In every review I’ve read for any of Sadistik’s albums, the writer always manages to slip in a comparison to Minnesota hip-hop acts such as Eyedea and Atmosphere. The comparisons are valid, given their shared penchant for emotive, introspective rhymes. Exploring dark, melancholic themes has always been a staple for the Cigarette Burn Rap King. As a result, it’s understandable as to why Atomsphere or Eyedea would be the first things people think of when listening to Sadistik. But for me, it’s actually CunninLynguists I think of when listening to him. I first heard Sadistik from his verse on “Castles” featured on CunninLynguists 2014 release “Strange Journey, Vol. 3”. His verse showed an introspective rapper who can interlock emotional content with complex rhyme schemes & clever wordplay regarding the works and lives of similarly dark artists like Edgar Allen Poe and Elliott Smith.

After purchasing and listening to his three solo albums, his unconventional approach to hip-hop grew on me. I’m probably not the first to mention this, but his style and place of origin makes me think of him as hip-hop’s Kurt Cobain (minus the suicide). His latest project, a 7-track EP tellingly titled “Phantom Limbs” entirely produced by Kno from CunninLynguists, brings him back full circle to where I first heard him.

Emotional pain is usually at the crux of Sadistik’s lyrics, so it’s fitting that this album is titled “Phantom Limbs”. Most of the lyrics here revolve around love, love lost and desire. Take the album’s first single for example, “To Be In Love”. On that song, Sadistik spits two verses at a nameless woman with whom he’s infatuated. He has the desire for her, but that’s all he has. His desire continues to exist due to the absence of his object of affection. Not to get all Lacanian psychoanalytical on you, but this woman’s absence makes her a phantom. She’s not present and that creates pain for Sadistik in addition to love. Beyond that, the lyrics are well-crafted expressions of the effect that she has on him:

“Rain-dances splatter upon the canvases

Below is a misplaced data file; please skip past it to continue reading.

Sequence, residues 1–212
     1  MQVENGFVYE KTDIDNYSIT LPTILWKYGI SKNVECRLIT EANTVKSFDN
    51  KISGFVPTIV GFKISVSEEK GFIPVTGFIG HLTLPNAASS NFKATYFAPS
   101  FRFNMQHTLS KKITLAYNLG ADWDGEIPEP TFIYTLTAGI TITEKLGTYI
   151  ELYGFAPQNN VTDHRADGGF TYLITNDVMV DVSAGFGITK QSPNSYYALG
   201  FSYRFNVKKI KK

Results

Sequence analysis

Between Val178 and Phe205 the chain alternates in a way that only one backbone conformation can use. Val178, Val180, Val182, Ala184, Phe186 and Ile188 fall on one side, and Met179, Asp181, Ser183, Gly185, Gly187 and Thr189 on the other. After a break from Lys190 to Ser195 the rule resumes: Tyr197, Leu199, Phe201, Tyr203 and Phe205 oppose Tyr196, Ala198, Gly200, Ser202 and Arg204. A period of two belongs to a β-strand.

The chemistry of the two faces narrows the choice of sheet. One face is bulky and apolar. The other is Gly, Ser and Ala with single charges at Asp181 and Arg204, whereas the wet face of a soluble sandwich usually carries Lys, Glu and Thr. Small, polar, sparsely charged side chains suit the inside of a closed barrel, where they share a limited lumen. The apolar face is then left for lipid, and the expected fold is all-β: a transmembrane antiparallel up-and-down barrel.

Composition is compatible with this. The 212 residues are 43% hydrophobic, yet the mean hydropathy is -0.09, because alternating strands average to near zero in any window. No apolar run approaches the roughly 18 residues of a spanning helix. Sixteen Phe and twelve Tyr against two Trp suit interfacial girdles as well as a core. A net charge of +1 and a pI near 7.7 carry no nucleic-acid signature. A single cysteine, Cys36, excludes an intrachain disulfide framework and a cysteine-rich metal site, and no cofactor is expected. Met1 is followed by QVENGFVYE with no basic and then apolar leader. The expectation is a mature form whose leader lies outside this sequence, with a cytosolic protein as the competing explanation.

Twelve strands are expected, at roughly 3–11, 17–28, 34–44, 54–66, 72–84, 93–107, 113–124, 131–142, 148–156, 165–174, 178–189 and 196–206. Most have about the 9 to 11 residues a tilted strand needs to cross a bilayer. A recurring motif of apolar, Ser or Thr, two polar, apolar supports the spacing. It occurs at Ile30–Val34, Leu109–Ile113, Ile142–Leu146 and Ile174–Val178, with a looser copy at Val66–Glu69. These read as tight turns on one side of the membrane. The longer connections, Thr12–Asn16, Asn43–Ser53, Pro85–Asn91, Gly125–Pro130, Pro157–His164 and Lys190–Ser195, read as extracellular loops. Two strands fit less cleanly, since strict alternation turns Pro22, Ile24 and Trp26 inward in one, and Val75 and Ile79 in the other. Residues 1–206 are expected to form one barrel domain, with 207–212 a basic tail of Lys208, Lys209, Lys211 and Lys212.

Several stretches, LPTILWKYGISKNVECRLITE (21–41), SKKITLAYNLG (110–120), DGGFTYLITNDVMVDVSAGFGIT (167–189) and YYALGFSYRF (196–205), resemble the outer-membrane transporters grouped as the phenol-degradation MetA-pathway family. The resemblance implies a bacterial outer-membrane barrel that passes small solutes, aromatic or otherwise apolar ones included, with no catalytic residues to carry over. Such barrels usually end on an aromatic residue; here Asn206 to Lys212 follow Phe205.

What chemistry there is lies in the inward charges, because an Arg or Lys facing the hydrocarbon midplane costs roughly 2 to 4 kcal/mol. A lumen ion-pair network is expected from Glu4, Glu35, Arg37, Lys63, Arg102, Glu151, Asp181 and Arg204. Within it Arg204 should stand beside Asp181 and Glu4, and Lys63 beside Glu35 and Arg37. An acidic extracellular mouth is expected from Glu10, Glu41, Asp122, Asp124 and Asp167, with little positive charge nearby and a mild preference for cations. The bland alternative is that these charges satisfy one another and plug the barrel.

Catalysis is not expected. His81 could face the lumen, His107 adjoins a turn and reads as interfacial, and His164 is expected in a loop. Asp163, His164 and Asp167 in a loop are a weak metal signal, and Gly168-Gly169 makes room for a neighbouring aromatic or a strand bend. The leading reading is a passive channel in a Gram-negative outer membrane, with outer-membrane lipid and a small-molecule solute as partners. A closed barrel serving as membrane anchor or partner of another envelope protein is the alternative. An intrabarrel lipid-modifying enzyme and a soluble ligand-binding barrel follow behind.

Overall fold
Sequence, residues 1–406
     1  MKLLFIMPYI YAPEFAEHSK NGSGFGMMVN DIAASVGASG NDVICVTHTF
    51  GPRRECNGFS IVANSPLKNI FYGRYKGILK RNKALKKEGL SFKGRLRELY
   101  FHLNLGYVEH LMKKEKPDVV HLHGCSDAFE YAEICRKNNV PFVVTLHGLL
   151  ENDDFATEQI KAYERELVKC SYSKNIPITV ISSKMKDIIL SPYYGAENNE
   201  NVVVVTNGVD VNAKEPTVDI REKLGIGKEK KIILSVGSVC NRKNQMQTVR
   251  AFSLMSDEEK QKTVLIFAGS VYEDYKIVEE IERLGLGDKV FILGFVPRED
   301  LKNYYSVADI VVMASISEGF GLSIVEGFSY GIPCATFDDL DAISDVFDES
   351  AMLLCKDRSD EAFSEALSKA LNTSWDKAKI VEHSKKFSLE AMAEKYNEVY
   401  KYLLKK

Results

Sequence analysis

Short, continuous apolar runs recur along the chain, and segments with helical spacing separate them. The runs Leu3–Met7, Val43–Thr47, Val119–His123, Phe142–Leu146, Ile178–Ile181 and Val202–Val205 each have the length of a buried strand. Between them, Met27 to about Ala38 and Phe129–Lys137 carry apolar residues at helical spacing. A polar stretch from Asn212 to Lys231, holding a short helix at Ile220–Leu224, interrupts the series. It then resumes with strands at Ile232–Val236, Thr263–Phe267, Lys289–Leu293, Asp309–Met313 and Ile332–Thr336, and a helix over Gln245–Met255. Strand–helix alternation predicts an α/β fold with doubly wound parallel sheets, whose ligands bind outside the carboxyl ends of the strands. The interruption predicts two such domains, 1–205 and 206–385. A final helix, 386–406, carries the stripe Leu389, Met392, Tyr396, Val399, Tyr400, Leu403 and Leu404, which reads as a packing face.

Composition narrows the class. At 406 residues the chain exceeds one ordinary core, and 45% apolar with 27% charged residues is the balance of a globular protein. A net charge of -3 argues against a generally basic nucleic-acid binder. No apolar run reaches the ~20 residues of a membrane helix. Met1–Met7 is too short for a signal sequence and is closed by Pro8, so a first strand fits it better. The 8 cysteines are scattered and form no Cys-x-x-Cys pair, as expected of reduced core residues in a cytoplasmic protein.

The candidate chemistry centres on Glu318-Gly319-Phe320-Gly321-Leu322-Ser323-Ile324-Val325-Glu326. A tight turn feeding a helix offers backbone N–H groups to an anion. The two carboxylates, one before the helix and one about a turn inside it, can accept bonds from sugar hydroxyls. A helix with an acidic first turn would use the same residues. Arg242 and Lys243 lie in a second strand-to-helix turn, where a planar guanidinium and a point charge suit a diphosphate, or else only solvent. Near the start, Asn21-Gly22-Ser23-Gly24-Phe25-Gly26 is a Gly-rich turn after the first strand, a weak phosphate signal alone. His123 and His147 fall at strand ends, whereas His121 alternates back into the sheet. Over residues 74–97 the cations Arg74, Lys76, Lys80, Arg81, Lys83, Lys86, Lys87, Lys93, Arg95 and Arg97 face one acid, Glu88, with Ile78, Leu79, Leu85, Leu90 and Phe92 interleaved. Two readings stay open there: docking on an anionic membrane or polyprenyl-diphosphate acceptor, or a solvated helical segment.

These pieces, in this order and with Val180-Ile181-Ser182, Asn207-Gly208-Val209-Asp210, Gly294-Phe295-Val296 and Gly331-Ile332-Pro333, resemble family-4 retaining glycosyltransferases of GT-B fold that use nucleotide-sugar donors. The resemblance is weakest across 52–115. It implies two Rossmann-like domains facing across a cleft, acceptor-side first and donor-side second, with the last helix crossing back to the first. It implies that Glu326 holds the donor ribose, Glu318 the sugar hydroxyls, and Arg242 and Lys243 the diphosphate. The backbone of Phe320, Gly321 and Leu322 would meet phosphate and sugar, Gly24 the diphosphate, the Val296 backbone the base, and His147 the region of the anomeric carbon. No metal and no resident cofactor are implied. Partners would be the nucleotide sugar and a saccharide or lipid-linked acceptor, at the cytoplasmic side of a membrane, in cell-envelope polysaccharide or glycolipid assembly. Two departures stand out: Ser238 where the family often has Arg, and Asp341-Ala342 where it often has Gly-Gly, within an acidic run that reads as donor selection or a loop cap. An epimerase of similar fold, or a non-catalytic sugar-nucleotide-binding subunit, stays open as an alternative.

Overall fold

I feel ecstatic, you’re enigmatic
My Alabama, so we can go wreak some havoc
And I can be your Clarence declaring that we can have it
True Romance, yeah, it’s feast or famine
From bi-polar to manic, it’s my solar dynamics
But you, you are my Mecca, you’re my holy sabbatic-al”

Not to be overshadowed, Kno creates a haunting atmospheric beat with a recurring phantom-like vocal sample for the hook. I love the way the background sounds in the beat build up for the start of the first verse. From the sound of it, “To Be In Love” is one of the few times when a Kno beat doesn’t surpass the emcee rapping over it. Indeed, the production and the rapper are indeed in sync on this track, but not so much on the others. “Hers Forever” follows a similar lyrical theme and features a verse from Kno. With darker production than the previous track, both rappers speak of relationships in which their women frequently hurt them, but they can’t help but to remain with them nonetheless. There’s a certain masochism that’s conveyed in both men’s lyrics that’s reflected in an almost taunting manner from Kno’s sampled hook.

The title track is an interlude consisting of a sampled infomercial, which Kno tends to include when producing a concept album. Afterwards, comes the second leaked track “Daydreams” which features singer-songwriter JMSN on the hook. Kno’s beat consists of 808 drums, live guitar, and a more nimble, earthy, and less darker sound. Lyrically, Sadistik juxtaposes the ideas of daydreams against those of nightmares and comes to the conclusion that there isn’t much difference between the two at after all. The album’s posse cut is in the form of “Unaware”, featuring Metasota, Sheisty Khrist, and Chino XL. Kno uses similar drum snares for this track and loops an eerie piano sample.

Considering the emcees blessing the track, the beat could’ve been more menacing, in my opinion (specifically with harder drums). Of all the rappers on that track, it’s Sadistik and Chino who bring the heaviest lyrical loads with braggadocio rhymes peppered with literary and horror movie references. The final track, “In Heaven”, is completely inspired by David Lynch’s 1977 debut film “Eraserhead”. Coming back full-circle with the EP’s up-tempo opener, “The Darkness”, Sadistik once again lyrically focuses on a woman. He uses the Lady in the Radiator character from the film allegorically.

In closing, I liked the EP. For the majority of the album, Sadistik’s lyrics dominate Kno’s sample-based soundscapes, and that’s a good thing. Though Kno is one of my favorite hip-hop producers, his beats tend to garner exponentially more praise than the emcees who rap over them. Had this been a full-length LP, I’d certainly have a different take on it. As for Sadistik, I like the level of thought he puts into his lyrics and how each release from him is an improvement on the last. In many ways, even with the EP’s flaws, the title says plenty about what hip-hop is missing.